Active households who can respond to requests to turn up or turn down their electricity usage, in response to price signals, could significantly reduce peak electricity demand and boost usage when required, a project involving 25,000 households has found.
The Crowdflex project, undertaken by Scottish and Southern Electricity Networks (SSEN) Distribution, National Grid ESO, Octopus Energy and Ohme, investigated how the households responded to price signals. Using Octopus and Ohme’s large customer datasets and analysis products, Crowdflex analysed the impact of two types of signalling to customers:
• Customers choosing to move long term from a flat tariff to a time-of-use (ToU) tariff
• One-off signals, which asked customers to sign up to a ‘Big Turn Up’ or ‘Big Turn Down’ event and rewarded those who responded over a specified two-hour period
Customers on ToU tariffs reduced their demand during the evening peak by 15-17% and maintained that reduction over six months. Households that owned an electric vehicle (EV) showed even greater ability to flex their demand, achieving reductions of up to 23% in the proportion of a household’s daily demand consumed during the evening peak.
The Big Turn Up saw an increase in average electricity demand expected during a household’s evening peak by 131% – and in households with an EV the ‘turn-up’ was 617%. The Big Turn Down request saw a 41% reduction in non-EV households and 59% reduction for EV households.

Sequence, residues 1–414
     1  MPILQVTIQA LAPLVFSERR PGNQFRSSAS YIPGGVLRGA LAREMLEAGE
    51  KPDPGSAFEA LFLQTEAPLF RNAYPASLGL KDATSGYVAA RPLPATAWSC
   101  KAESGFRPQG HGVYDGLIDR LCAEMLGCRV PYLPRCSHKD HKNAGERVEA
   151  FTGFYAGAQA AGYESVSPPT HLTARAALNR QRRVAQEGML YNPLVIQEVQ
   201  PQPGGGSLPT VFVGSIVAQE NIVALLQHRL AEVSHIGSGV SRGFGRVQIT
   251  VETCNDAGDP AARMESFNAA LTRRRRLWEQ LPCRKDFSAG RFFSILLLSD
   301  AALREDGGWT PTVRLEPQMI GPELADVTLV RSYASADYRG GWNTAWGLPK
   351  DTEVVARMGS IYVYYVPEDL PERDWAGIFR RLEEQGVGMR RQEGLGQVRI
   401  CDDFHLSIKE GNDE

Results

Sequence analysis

The very high level of participation by EV drivers suggested a willingness in those households to provide EV assets for flexibility.
Matthew Hamilton, SSEN Project Manager for CrowdFlex, said: “Flexibility will play a key role in the future smart electricity system and we are committed to ensuring that all customers have an opportunity to participate and benefit from offering domestic flexibility services. …
“Establishing that households are willing and able to respond to signals to flex their demand is the first step. We hope to take this work forward by considering practical trials to prove reliability, repeatability and to investigate the costs of domestic flexibility.”
Geoff Down, Innovation Manager, National Grid ESO, said: “System flexibility is vital for future system operation and we’re encouraged to see that engaged consumers can, by participating in Time of Use tariffs, help manage and reduce peak electricity demand. With the use of low carbon technologies in the home set to grow rapidly, this project helps us understand the exciting opportunities for us in the future.”
Flexibility from customers is seen as an important tool to help manage short-term grid fluctuations in future, both reducing the need for additional peak power and managing periods when demand is too low to run the system efficiently.
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